Bar owners and managers must keep track of bar inventory in order to keep costs down and keep the establishment profiting. Depending on many factors concerning the business, bar owners may choose to conduct inventory daily, monthly or periodically. Bar owners have several methods and systems of inventory taking from which to choose. Some methods utilise the newest technology while others require only a pencil and paper. Choose which method best suits the budget and needs of your bar.
Write down each bar product you have. Make a categorised list by liquor (vodka, rum, cordials, etc). Or, arrange the list according to how you have arranged the bar, starting with rail liquor and moving to each different area of the bar. If you choose, include juices, garnishes and mixers.
Inventory your bottles using the 10 point method. This simple method requires no technology. Look carefully at each bottle and envision ten marker lines equally spaced horizontally along the bottle. Estimate the fullness of your bottle depending on where the liquor hits the marker lines. Score your bottles on a scale of 1-10 with "10" representing a full bottle. Don't forget to consider the lesser volume held in the necks of bottles. For more precision, use a ruler to measure into smaller segments.
Take note of the inventory numbers for each bottle. You will need a chart or worksheet on which you can mark the level of your current bottle of liquor as well as the number of bottles you have in back stock. You may prefer to use liquor inventory software if you find making a chart time consuming or confusing. Bar Crop sells a liquor inventory software with "complete inventory tracking capabilities." (See Reference 1)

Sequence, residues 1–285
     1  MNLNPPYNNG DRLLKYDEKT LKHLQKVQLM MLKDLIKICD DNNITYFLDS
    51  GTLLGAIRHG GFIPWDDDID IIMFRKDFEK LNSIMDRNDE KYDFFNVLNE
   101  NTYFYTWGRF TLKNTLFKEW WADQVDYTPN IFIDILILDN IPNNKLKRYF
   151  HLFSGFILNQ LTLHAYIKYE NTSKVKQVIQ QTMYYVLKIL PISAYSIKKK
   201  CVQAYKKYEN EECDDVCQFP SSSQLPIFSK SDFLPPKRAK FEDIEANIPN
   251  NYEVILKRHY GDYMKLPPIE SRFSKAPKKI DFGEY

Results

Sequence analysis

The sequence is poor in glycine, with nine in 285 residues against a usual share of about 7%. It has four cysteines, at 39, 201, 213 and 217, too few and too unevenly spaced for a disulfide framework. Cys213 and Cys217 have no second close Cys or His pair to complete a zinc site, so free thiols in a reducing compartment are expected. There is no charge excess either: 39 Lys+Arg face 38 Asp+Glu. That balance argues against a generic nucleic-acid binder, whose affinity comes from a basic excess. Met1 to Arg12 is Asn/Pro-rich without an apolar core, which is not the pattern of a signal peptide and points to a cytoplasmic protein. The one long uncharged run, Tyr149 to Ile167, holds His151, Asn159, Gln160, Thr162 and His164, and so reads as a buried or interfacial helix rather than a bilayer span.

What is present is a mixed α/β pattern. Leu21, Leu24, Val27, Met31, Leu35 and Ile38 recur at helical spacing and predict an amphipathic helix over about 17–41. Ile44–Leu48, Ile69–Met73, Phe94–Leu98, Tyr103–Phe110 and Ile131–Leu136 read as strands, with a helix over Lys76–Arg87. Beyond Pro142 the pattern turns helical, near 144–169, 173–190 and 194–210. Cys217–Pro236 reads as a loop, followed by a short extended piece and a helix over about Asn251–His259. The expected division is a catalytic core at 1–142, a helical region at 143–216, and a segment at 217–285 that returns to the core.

Use Scannabar, a precise, technology based method that boasts higher performance and accuracy. The ruler and scanner method in the Scannabar system tracks each bottle of liquor from "the receipt to the recycle bin" and provides "up to the drop inventory control." (See Reference 2)
After recording the volume and back stock of each bottle, keep your inventory records neatly organised or saved on your computer. Analysing inventory trends over a period of time can help a bar owner determine product loss and changes in product demand.
To further prevent inventory loss, utilise loss prevention devices like measured pour spouts. These spouts cut off the pour after a certain amount and ensure your bartender's don't over pour or over serve customers.
Failure to take inventory can result in major profit loss for bars and restaurants.